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I am working on an 8086 dos assembly project , using video mode i was able to draw some lines and stuff but now i want to print some characters and found that (interrupt 10,2) uses character (row,col) coordinates that is different than video mode coordinates

what is the most elegant way to map between those two coordinates ? or there is a better way to print characters in video mode ?

what i know currently is that i can do the mapping manually but it won't be accurate as there is no floating point operations in 8086...

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Please clarify what you mean by "video mode coordinates". –  Paul Baker Dec 6 '10 at 20:31
    
coordinates used for this interrupt (10,0c) htl-steyr.ac.at/~morg/pcinfo/hardware/interrupts/inte6r74.htm –  Ahmed Kotb Dec 6 '10 at 20:46
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Why would you need floating-point to convert screen coordinates? –  Jens Björnhager Dec 7 '10 at 11:51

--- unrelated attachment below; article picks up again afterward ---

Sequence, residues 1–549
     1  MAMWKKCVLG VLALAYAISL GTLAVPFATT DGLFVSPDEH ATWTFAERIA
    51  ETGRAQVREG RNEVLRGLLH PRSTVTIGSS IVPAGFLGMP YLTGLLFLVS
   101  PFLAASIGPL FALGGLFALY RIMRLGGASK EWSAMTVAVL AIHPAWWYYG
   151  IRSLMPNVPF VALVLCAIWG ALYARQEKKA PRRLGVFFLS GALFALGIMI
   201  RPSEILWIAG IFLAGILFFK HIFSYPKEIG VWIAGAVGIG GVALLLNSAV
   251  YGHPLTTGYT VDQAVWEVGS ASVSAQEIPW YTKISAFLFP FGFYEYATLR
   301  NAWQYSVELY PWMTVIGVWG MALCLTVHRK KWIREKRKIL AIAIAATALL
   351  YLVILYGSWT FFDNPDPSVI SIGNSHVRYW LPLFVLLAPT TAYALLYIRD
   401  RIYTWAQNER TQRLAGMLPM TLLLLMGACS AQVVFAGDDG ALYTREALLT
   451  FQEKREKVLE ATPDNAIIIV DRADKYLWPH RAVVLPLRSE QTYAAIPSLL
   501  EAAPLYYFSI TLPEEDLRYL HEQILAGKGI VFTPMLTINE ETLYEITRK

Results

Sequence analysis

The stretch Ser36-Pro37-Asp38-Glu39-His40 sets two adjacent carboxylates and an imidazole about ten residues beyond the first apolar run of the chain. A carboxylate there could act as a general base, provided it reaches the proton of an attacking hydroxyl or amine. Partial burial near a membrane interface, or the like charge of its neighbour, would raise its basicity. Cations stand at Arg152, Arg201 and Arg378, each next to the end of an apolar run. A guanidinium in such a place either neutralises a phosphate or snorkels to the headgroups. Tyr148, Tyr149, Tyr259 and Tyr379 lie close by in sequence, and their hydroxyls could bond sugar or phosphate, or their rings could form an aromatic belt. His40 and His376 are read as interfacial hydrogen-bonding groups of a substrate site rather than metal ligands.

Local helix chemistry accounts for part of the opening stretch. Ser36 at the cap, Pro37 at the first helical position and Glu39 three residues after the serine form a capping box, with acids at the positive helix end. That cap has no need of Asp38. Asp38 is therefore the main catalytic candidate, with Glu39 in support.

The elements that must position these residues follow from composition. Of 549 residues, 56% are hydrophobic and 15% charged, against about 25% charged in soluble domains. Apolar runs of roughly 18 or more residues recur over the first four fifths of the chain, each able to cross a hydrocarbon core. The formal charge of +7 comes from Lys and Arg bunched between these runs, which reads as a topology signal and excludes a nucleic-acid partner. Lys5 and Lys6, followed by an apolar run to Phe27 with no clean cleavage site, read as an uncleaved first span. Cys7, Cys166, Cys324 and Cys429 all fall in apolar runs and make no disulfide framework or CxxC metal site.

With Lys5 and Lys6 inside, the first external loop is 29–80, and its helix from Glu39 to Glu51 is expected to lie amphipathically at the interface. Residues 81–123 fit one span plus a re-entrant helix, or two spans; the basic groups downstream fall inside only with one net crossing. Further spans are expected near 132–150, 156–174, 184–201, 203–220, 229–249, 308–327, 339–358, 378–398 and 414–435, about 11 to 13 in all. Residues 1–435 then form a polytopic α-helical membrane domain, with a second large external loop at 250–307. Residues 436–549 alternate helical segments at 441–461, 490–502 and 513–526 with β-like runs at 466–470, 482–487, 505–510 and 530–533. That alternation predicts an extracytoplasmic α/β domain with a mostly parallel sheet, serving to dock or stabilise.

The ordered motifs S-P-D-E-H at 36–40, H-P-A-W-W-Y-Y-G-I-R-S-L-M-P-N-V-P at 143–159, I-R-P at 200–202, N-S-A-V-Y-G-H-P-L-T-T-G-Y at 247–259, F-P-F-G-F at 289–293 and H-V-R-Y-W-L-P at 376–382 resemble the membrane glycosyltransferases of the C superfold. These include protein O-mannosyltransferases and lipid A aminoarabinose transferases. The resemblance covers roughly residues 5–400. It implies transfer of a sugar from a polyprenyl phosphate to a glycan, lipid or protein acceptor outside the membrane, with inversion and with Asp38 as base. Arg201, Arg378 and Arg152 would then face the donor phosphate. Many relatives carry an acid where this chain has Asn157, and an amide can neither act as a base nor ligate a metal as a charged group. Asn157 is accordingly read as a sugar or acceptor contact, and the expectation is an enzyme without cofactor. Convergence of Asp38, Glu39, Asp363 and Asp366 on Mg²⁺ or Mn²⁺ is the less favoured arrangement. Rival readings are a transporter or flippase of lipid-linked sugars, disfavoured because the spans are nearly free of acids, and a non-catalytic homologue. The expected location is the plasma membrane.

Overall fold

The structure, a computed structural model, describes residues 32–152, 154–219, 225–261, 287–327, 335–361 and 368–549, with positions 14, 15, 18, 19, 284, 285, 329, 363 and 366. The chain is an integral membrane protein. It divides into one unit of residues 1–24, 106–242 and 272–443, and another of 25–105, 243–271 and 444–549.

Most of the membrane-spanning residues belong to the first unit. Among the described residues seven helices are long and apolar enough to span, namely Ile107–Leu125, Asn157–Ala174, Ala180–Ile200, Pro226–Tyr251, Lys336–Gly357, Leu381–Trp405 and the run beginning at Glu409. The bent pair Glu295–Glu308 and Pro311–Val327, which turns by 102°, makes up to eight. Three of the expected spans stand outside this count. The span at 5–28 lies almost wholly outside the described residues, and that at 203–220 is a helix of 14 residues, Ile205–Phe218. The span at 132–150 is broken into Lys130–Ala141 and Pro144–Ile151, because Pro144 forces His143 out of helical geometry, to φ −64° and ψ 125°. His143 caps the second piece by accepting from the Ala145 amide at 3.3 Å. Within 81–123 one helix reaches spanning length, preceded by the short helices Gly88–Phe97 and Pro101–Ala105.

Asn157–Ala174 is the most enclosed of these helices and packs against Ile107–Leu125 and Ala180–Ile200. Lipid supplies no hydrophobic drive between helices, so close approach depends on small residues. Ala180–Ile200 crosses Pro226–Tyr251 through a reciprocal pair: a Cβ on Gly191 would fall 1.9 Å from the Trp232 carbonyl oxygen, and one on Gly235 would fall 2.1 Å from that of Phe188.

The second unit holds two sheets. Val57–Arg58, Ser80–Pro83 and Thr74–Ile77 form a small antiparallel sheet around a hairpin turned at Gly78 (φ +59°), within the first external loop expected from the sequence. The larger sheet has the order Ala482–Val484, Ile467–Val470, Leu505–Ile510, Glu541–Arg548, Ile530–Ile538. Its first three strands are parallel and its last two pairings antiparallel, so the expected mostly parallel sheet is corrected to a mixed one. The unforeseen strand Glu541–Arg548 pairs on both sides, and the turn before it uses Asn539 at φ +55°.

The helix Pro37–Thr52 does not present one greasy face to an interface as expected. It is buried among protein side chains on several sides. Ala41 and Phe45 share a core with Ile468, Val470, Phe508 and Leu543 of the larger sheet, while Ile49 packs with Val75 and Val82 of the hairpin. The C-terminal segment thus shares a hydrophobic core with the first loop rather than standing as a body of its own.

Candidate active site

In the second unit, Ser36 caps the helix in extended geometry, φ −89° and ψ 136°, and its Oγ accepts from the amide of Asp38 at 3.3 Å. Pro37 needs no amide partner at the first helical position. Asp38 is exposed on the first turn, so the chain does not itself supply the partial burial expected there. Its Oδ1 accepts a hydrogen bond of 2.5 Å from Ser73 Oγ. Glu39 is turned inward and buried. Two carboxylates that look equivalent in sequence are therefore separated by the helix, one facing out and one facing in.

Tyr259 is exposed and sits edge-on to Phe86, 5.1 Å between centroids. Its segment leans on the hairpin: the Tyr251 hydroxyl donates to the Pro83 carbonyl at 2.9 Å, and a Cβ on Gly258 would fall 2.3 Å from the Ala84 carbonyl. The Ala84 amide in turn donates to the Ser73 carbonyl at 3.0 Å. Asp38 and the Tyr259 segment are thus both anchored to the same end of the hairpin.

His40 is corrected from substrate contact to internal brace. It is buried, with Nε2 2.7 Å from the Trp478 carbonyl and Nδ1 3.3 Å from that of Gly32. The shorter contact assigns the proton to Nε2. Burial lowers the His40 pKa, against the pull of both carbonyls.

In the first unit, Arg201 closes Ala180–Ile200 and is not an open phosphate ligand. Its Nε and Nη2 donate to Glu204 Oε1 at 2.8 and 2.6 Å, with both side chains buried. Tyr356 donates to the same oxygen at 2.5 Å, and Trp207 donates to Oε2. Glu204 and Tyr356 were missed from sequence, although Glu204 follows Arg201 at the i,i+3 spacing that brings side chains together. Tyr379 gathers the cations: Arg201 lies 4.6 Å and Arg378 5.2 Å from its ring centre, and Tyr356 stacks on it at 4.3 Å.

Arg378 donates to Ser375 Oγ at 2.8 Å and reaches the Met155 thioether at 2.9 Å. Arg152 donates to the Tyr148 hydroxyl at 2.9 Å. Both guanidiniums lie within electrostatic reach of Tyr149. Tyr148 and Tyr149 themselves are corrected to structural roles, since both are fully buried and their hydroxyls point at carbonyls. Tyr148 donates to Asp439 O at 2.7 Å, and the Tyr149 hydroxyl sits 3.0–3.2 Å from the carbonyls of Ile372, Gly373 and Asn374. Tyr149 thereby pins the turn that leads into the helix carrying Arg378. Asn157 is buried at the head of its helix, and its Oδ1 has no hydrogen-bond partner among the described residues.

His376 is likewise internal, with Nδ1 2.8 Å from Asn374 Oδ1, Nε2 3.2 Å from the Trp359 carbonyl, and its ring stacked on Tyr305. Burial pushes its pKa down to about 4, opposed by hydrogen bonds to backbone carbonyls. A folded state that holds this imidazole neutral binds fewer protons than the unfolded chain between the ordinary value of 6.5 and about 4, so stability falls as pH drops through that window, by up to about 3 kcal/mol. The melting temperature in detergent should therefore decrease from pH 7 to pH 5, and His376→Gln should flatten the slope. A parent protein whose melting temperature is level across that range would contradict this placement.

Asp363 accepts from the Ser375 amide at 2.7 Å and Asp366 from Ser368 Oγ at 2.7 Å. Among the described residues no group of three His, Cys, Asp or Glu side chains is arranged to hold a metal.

if 5 character cols corresponds to 50 pixels , then if i want to put a character at pixel number 60 i have to make something like that 60/50*5 = 1.2*5 = 5 (as 60/50 = 1 int division) ... also i didn't say that this is the best solution , if you a have a better solution just say it –  Ahmed Kotb Dec 7 '10 at 16:46

3 Answers 3

Since it wasn't allowed to use external libraries , i ended up doing a simple seven segment like procedure do draw numbers , it looks something like this 7segment numbers

the code can be found here if any one is interested

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Here you'll find an outstanding ASM library implementing for example:

GPRINT prints ASCIIZ string on a graphics screen

HTH!

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seems great ,but i may not be able to use an external library , if i didn't get more answers i will accept that ... does that lib have a website ? is the source code available ? –  Ahmed Kotb Dec 6 '10 at 21:14
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@Ahmed The source code for that one was available for $$ years ago, I really don't know whether it's possible to buy it now. Here you can find a free source code example of text display : angelfire.com/rnb/byte/vga_vul.zip HTH –  belisarius Dec 7 '10 at 13:05

Everything you need should be in the following book:

http://www.amazon.com/gp/offer-listing/091539135X/ref=dp_olp_0?ie=UTF8&redirect=true&condition=all

Unfortunately, with the advancement of time/how old that technology is and all, those books are getting harder to find and all the info that used to be floating around on the Internet seems to gradually dropping offline too.

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